February 09, 2016
Brian Foley
Interview With a Bernie Broad: We Need to Start Focusing on Positions and Stop Relying on Sexism
February 08, 2016
Paul Craig Roberts – Michael Hudson
Privatization: the Atlanticist Tactic to Attack Russia
Mumia Abu-Jamal
Water War Against the Poor: Flint and the Crimes of Capital
John V. Walsh
Did Hillary’s Machine Rig Iowa? The Highly Improbable Iowa Coin Tosses
Vincent Emanuele
The Curse and Failure of Identity Politics
Eliza A. Webb
Hillary Clinton’s Populist Charade
Uri Avnery
Optimism of the Will
Roy Eidelson Trudy Bond, Stephen Soldz, Steven Reisner, Jean Maria Arrigo, Brad Olson, and Bryant Welch
Preserve Do-No-Harm for Military Psychologists: Coalition Responds to Department of Defense Letter to the APA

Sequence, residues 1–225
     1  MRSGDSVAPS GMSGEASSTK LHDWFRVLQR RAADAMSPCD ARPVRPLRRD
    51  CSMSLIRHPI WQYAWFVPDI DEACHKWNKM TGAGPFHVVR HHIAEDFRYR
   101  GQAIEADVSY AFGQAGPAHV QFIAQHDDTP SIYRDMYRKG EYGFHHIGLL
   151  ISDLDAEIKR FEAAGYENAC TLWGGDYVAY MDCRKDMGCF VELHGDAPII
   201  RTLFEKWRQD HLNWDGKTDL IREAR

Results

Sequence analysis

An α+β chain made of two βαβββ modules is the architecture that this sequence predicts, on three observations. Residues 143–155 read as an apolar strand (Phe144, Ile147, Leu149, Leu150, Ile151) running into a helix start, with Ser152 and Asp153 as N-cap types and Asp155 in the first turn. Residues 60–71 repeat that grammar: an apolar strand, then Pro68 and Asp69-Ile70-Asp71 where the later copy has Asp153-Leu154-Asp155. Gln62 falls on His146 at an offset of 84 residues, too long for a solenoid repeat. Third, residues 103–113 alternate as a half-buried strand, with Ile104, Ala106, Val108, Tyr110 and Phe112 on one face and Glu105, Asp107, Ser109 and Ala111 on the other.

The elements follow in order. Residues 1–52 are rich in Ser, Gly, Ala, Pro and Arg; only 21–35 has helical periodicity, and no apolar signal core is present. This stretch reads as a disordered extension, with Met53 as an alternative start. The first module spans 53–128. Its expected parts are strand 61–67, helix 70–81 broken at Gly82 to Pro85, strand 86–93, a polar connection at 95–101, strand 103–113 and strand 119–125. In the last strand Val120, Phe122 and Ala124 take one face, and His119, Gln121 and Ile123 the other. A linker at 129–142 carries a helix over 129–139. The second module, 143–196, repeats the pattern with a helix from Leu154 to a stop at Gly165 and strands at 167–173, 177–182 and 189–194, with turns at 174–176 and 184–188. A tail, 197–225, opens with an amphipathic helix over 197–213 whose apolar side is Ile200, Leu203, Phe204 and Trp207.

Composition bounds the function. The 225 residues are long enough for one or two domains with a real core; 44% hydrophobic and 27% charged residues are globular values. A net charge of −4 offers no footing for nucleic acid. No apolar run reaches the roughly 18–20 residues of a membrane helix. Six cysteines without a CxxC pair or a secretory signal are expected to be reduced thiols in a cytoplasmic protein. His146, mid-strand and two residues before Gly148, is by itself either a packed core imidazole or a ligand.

Patrick Cockburn
Oil Prices and ISIS Ruin Kurdish Dreams of Riches
Binoy Kampmark
Julian Assange, the UN and Meanings of Arbitrary Detention
Shamus Cooke
The Labor Movement’s Pearl Harbor Moment
W. T. Whitney
Cuba, War and Ana Belen Montes
Jim Goodman
Congress Must Kill the Trans Pacific Partnership
Peter White
Meeting John Ross
Colin Todhunter
Organic Agriculture, Capitalism and the Parallel World of the Pro-GMO Evangelist
Ralph Nader
They’re Just Not Answering!
Cesar Chelala
Beware of the Harm on Eyes Digital Devices Can Cause
Weekend Edition
February 5-7, 2016
Jeffrey St. Clair
When Chivalry Fails: St. Bernard and the Machine
Leonard Peltier
My 40 Years in Prison
John Pilger